Here’s a look at the LestersLegends 2012 fantasy football quarterback rankings by tier.
Tier One: Truly the elite. They have routinely put up monster numbers. These QBs should be taken within the first two rounds.
Aaron Rodgers, Green Bay Packers: I had him ranked No. 1 last year. After a season in which he accounted for 4,643 passing yards, 257 rushing yards, 48 total TDs (45 passing) and six interceptions, I haven’t changed my opinion.
Tom Brady, New England Patriots: I foolishly thought because he had some monster games along with some stinkers that he wasn’t a top-five fantasy QB last year. I won’t make that mistake again. Adding Brandon Lloyd to Rob Gronkowski, Wes Welker and Aaron Hernandez makes him even more dangerous.
Tier Two: Both are coming off monster years, but need to prove that they are for real. These QBs should be taken in the third or fourth round.
Cam Newton, Carolina Panthers: They added Mike Tolbert, who could cut into the 14 TDs Newton ran for last year. Still, with 4,051 passing yards, 21 passing touchdowns and 706 rushing yards, it’s hard not to imagine another monster fantasy year from Cam.
Tier Three: They have routinely delivered, but they have had warts at time. Still, they are quality QB1s. These QBs should go in rounds five through seven.
Eli Manning, New York Giants: With more passing yards (4,933) than his brother Peyton ever threw, along with 29 TDs and two Super Bowl rings, it’s safe to say he’s out of his brother’s shadow. Call me crazy, but I think he’s a safer fantasy play too.
Tier Four: Still solid QB1s. Come at a better value, but aside from Matt Ryan, who has yet to turn in an elite performance, they have some injury concerns. These QBs should be taken in the sixth through eighth rounds.
Ben Roethlisberger, Pittsburgh Steelers: The Steelers are committed to becoming a more pass-happy team. With his weapons, Big Ben should deliver.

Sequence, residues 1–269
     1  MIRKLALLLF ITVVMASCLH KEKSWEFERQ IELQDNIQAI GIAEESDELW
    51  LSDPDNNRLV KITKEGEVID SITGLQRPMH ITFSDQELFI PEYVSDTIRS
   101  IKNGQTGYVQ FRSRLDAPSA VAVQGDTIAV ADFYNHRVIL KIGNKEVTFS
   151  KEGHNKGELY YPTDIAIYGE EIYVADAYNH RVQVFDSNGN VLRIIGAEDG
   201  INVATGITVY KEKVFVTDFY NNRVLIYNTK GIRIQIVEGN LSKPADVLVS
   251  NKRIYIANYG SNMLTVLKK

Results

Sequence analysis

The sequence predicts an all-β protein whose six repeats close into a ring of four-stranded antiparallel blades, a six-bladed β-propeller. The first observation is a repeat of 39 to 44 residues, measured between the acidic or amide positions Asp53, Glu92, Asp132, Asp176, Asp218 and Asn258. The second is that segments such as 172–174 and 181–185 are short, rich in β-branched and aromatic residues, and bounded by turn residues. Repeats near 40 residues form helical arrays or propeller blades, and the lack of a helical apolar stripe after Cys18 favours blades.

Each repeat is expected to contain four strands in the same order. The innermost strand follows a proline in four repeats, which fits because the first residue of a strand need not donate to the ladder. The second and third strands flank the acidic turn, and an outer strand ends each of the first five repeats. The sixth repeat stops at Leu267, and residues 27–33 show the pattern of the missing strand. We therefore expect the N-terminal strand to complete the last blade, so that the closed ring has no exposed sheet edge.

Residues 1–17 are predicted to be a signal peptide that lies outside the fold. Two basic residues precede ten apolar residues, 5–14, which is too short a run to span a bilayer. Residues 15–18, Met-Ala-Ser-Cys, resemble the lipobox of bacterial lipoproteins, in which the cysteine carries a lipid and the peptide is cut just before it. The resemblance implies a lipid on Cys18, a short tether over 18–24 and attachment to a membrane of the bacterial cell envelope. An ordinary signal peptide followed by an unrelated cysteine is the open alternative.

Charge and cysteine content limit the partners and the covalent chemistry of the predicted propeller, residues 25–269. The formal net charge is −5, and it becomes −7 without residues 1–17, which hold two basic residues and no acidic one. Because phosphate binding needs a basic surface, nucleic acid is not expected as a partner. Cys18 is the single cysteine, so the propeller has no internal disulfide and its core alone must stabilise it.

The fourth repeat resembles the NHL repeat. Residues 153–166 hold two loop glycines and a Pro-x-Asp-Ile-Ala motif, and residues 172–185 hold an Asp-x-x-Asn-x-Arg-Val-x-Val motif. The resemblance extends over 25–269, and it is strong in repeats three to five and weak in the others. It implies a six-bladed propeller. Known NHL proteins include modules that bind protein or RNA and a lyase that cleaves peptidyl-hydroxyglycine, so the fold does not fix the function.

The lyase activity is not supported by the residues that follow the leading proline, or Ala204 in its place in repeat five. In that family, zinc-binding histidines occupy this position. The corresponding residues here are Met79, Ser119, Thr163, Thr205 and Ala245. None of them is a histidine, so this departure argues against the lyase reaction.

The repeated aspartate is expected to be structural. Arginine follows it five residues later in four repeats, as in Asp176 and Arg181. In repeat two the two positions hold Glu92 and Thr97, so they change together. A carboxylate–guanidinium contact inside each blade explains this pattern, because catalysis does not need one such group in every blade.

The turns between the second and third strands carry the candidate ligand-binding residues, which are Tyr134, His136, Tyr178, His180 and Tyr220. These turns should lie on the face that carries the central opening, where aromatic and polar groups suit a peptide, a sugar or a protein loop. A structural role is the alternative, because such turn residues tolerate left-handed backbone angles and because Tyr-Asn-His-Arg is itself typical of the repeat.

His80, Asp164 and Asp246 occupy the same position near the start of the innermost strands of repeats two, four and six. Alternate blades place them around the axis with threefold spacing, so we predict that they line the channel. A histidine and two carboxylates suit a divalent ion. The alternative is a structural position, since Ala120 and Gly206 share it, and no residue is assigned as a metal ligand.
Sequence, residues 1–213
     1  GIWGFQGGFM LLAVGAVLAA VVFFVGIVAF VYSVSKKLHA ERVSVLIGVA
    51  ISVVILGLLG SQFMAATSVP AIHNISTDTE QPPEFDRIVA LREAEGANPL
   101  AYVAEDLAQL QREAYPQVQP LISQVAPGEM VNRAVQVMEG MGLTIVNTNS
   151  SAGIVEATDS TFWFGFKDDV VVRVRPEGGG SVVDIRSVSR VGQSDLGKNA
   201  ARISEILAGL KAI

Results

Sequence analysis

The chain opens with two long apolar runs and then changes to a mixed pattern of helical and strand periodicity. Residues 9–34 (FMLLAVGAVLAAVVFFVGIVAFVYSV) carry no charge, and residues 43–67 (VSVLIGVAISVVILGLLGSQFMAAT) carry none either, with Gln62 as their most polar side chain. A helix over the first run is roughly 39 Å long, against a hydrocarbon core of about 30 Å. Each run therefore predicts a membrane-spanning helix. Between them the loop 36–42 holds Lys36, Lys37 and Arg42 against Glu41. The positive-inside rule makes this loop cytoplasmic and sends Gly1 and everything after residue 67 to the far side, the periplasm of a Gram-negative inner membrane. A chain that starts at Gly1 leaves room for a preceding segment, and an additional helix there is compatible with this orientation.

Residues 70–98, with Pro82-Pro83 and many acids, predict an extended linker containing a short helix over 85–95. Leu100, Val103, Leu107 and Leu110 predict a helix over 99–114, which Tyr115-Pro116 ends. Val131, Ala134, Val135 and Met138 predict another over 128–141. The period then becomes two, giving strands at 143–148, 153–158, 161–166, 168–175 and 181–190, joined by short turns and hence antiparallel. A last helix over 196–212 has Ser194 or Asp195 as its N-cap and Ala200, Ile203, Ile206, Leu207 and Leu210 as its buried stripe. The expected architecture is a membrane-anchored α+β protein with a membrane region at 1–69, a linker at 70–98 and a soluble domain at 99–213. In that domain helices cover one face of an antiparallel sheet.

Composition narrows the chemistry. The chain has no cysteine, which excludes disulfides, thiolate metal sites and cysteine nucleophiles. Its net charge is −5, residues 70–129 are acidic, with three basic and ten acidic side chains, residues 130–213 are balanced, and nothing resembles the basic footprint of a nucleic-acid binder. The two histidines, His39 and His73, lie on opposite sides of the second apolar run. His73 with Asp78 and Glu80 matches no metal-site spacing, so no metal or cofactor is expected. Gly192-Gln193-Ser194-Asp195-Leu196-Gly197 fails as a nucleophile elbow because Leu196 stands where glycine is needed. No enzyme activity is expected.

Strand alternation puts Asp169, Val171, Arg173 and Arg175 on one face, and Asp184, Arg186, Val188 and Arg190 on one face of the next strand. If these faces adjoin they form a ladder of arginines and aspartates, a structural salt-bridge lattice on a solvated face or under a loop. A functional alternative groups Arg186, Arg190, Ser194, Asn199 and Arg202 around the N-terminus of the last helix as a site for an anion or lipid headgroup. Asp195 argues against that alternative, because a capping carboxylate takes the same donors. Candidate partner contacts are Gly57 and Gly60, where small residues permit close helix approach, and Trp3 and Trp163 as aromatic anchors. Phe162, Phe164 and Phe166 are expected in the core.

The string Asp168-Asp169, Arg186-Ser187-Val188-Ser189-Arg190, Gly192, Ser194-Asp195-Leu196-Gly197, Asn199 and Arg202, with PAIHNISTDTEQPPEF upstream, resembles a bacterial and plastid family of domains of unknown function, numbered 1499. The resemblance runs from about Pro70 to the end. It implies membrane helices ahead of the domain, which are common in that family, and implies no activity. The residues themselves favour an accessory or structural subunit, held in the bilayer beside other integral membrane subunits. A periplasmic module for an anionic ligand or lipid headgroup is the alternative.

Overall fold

Matt Ryan, Atlanta Falcons: With Roddy White and Julio Jones, there aren’t many QBs with a better 1-2 punch at WRl.
Michael Vick, Philadelphia Eagles: Last year was a disaster for Vick, though he threw for a career-high 3,303 yards. I expect more rushing TDs and some explosive games, but you are going to have injury issues.
Peyton Manning, Denver Broncos: He’s Peyton, so I suppose I have to give him the benefit of a top-10 ranking. But he’s in a new place, where weather could be a factor, and he has potentially worse weapons. All of which puts Peyton in an unfamiliar spot (out of the top five).
Tier Five: These are either backup fantasy QBs or they are starters if you decided to address other needs. Still have QB1 potential, but they have some concerns. These QBs should be taken in rounds eight through 10.
Matt Schaub, Houston Texans: If he and Andre Johnson can stay healthy, Schaub will be a fringe QB1.
Tier Six: Solid backup fantasy QBs. These QBs should be taken in rounds nine through 11.
Andrew Luck, Indianapolis Colts: He’ll have bumps along the way, but he also brings a lot of anticipation. Having Reggie Wayne to lean on helps.
Andy Dalton, Cincinnati Bengals: Had a solid rookie year and should continue to progress with A.J. Green.
Carson Palmer, Oakland Raiders: He looked OK with the Raiders last year. Seems to be back to form.
Joe Flacco, Baltimore Ravens: I expect more from Torrey Smith this year, which will help Flacco’s numbers.
Robert Griffin III, Washington Redskins: RG3 seems to have what it takes to deliver right away, but you never quite know with rookies.
Ryan Fitzpatrick, Buffalo Bills: He’s thrown 23 and 24 TDs the past two years. If he can bounce back from his second-half slide, he should be a decent QB2.
Tier Seven: Riskier backup QBs. These QBs should be taken in rounds 10 through 16.
Christian Ponder, Minnesota Vikings: He has better weapons and a better grasp for the game. Should take a step forward in his second year.
Jake Locker, Tennessee Titans: Has to beat out Matt Hasslebeck, which isn’t inevitable at this point, at least for Week 1.
Josh Freeman, Tampa Bay Buccaneers: Had a miserable 2011 campaign, but the Bucs added Vincent Jackson, which should help.
Matt Flynn, Seattle Seahawks: Getting the big bucks going from backup to starter for a new team doesn’t always pan out.
Sam Bradford, St. Louis Rams: He had success as a rookie before floundering as a sophomore. I’m not writing him off just yet.
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